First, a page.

My Sambam and Lou-Lou are one of a kind.

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Level 10 aka BPD Word Vomit

Posted June 15, 2014 By kmarrs

word vomit and BPD impulse controlI think everyone has those moments in their life that are on constant repeat even decades later where they are like, “Omg did I really say/do that?” In most cases, I think we blow them out of proportion and we feel this undying mortification or regret for things that we are, in fact, the only ones to remember.  We are, after all, our own biggest critics.

I do also think, however, that someone with BPD who is at their most unstable adds a whole new level to this.  Because while everyone says things that they wish they could take back, we are far more unfiltered and reach astounding heights in our ability to be uncensored, unaware of consequences, and incapable of impulse control.

There are things I have said and done, mostly inadvertently, that I just can’t help wonder if things could be different if they hadn’t been said or done.  The relationships I have destroyed that I held so dear, that I didn’t realize until it was far too late what was happening.  I was that far gone, that unaware of the situation, and that trusting that the other person would understand I was at my worst and didn’t have the skill set to really control my impulses, my thoughts and my situational awareness.  And clearly, that was misplaced trust.

And please don’t get me wrong in that.  The fault is my own.  Everyone realistically has their limits on what they can turn a blind eye to, and me at my worst can push past the limits of even the most patient of people.

I just…

While everyone reflects back on the time they put a foot in their mouth, and mostly with needless worry…

My regrets run deep.

And some wounds, I truly fear, will never heal.

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They were wrong

Posted June 12, 2014 By kmarrs

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Life Can Smell Your Fear

Posted May 29, 2013 By kmarrs

I think life is about doing the things that scare you until they no longer scare you.  When was the last time you did something that scared you?  Did you do it again and again until fear was the last thing you could imagine feeling?

This year has been about crossing things off my to-do list for life.

I’m back in class.  I mean really back.  I’ve taken out loans.  If I stop going, that is all the sooner I have to pay that money back, with no degree to advance my career, to make is possible.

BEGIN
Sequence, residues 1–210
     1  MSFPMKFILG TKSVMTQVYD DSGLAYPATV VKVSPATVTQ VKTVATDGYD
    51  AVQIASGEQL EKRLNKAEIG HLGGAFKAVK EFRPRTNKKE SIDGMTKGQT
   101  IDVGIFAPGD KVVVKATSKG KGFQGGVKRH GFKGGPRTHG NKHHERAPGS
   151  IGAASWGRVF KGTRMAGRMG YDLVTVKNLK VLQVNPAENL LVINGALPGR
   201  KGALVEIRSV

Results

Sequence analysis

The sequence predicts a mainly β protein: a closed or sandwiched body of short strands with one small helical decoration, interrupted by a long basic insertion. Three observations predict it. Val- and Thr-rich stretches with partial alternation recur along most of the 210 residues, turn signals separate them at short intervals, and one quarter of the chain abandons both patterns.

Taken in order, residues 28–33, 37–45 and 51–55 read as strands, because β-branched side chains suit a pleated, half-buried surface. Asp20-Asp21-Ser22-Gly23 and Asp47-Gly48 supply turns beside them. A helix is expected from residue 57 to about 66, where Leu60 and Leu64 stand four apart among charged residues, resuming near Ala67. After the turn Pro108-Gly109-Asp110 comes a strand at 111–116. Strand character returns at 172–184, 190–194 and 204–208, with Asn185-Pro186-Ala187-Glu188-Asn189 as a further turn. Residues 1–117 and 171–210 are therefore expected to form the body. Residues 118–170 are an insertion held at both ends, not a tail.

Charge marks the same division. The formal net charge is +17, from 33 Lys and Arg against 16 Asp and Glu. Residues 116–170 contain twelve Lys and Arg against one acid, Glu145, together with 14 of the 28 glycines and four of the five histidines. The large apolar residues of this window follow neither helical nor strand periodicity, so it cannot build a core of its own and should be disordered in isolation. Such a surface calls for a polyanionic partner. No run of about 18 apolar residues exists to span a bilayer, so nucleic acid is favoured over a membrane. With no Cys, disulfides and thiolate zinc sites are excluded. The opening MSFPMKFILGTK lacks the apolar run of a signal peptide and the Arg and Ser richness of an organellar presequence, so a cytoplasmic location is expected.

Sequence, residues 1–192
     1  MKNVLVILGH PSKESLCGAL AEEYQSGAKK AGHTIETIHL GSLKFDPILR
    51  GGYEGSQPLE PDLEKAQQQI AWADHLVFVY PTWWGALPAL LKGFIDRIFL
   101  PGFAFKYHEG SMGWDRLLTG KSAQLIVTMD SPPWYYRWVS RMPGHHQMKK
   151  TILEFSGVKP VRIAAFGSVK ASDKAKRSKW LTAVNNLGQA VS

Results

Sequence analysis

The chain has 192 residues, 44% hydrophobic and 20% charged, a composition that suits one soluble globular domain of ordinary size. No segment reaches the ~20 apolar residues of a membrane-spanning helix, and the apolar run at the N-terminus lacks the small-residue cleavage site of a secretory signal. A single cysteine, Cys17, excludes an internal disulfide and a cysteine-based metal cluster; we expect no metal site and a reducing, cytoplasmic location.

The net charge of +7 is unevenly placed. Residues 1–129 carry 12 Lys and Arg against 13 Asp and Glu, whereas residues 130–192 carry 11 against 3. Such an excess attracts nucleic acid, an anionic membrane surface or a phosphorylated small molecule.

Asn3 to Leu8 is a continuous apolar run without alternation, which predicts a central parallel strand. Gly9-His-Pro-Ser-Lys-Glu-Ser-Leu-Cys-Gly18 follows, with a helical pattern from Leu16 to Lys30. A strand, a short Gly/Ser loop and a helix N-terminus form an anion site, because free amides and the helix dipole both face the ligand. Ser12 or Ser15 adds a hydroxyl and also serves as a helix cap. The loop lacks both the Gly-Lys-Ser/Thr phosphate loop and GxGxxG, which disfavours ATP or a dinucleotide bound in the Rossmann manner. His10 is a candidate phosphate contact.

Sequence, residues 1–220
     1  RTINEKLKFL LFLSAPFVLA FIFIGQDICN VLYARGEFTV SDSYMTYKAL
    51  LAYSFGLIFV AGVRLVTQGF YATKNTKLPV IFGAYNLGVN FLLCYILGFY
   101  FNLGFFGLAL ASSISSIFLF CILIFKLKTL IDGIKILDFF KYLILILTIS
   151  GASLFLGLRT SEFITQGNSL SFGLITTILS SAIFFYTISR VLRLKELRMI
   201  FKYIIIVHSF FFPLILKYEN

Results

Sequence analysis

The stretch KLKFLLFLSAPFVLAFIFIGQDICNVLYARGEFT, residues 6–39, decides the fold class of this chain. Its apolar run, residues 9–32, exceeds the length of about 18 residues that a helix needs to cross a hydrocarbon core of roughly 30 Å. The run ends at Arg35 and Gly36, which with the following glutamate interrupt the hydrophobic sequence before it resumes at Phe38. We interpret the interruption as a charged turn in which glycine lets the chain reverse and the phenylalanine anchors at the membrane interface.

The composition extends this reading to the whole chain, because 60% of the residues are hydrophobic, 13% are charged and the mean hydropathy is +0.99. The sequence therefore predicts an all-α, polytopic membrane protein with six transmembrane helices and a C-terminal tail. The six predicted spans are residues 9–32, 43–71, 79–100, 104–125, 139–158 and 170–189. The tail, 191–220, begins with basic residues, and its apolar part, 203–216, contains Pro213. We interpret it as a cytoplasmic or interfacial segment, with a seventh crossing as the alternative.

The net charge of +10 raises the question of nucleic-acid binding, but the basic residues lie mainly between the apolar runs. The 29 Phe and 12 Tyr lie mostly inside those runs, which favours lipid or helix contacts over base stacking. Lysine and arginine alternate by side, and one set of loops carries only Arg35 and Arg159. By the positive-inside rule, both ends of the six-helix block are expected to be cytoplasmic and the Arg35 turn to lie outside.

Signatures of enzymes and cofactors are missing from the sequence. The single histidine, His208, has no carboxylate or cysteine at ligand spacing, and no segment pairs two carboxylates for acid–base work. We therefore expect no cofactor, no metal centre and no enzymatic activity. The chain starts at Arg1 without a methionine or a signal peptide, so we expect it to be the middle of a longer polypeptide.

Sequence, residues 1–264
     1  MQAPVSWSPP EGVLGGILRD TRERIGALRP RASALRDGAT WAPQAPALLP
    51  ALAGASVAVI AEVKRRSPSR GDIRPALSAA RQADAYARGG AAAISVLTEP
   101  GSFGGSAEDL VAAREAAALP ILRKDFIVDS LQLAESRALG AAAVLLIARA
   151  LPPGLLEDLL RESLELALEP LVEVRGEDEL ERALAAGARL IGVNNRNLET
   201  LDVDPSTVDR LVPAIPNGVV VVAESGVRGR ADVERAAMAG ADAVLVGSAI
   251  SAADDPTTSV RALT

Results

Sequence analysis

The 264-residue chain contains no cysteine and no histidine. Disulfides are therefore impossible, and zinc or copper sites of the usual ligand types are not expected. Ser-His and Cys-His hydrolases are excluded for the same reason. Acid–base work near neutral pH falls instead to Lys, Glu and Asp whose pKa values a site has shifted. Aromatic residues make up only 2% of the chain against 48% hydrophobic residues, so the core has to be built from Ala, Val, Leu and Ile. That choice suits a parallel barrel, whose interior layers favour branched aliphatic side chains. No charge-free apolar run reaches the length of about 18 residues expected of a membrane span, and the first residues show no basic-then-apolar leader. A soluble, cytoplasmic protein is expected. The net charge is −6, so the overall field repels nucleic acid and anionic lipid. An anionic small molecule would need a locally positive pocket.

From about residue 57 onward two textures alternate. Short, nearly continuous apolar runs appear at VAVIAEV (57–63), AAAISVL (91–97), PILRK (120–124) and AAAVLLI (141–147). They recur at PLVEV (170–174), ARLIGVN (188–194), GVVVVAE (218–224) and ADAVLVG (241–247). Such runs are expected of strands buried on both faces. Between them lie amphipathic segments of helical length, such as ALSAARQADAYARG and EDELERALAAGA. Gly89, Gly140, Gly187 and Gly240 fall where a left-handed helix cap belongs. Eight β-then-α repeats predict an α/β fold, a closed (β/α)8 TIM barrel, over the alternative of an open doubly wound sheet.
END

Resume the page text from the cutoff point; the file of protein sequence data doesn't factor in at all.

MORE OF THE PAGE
I sat down and wrote out a financial plan.  Some are just goals, like what year I hope to be off all government assistance by.  Some is actually dated such as going in and refinancing our car the first day of my vacation in July.  It’s almost ridiculous that taking control and making a plan could be scarier than floundering in the pools of broke, oh so broke.

This July I’m taking a 9-line zip line tour.  I can only imagine that my current “OMG WEEE!” will have the addition of “I’m going to DIE” once I’ve climbed up high, am strapped in, and it’s time to fly.

I’m boarding a plane in November to meet face-to-face a friend I’ve only ever known online.

While there I’m catching up with another friend I met in real life, who, depending on if she gets the job or not, might be able to help me rappel down the side of a skyscraper.

This year, I’m living.  And living can be some of the scariest shit there is.

So I have to ask, when was the last time you did something that scared you?  Will you comment and tell me about it?

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Stigma

Posted May 8, 2013 By kmarrs

We are what we make of ourselves.  And our disease is what we present it to be.

If you behave badly and use your mental illness as an excuse, you are helping to propel the stigma of mental illness forward.  If I only know one person with BPD and that person makes bad decision after bad decision, drinking, drugging, sleeping around, hurting themselves and all those near them, and then turns around and blames all this behavior on their BPD as if it’s an excuse, as if they can do as they please because they have this disease, then I’m going to assume this is what I can expect from all those who have BPD.  I may well be your future boss, lover, friend.  This makes it hard for all the others who have this disease but fight every.damn.day to not let it define them prove that BPD isn’t a life wrecker.  And I don’t just mean the life of those diagnosed but the lives of those surrounding those diagnosed.

Maybe remission and recovery isn’t about being 100% symptom free.  Maybe it’s about having the symptoms so well-managed and maintained that you can fool even yourself into thinking you are symptom free.

And where are those people standing up saying “Look at me!  Yes I destroyed so many lives including my own for such a long time.  But nowNow!  Now I have skills and a sheer determination that I will no longer drown in my diagnosis.  I am not my diagnosis, I have my diagnosis!”

Those fighting to destroy the stigma.  Those working amazing jobs with respectable careers despite their diagnosis, terrified to let their diagnosis be known because those words could ruin it all, based on the rep of those people making poor decisions and instead of owning up to them, choosing to blame those words.  These people need you to stop and look at your actions.  I’m not saying that you can automatically stop the actions.  But you can choose to own up to what you do, instead of blaming a diagnosis thinking that you can get away with whatever you want now.  You can’t.  Do you know right from wrong?  Then except that you have done wrong.  You, the person, said those words, did those things.  Not the diagnosis.

I’m not saying I’ve never been guilty of this.  We all have at some point.  But now?  Now I’m on the other side.  And if there is one thing I can do from this side, if I get to choose that one thing, then I choose to show those where I’ve been how their actions, and not owning their actions, create the stigma that all those on both sides try to fight.

We are fighting what we, ourselves created.

How’s that working out for you?  I have to say, it isn’t working out so well over here.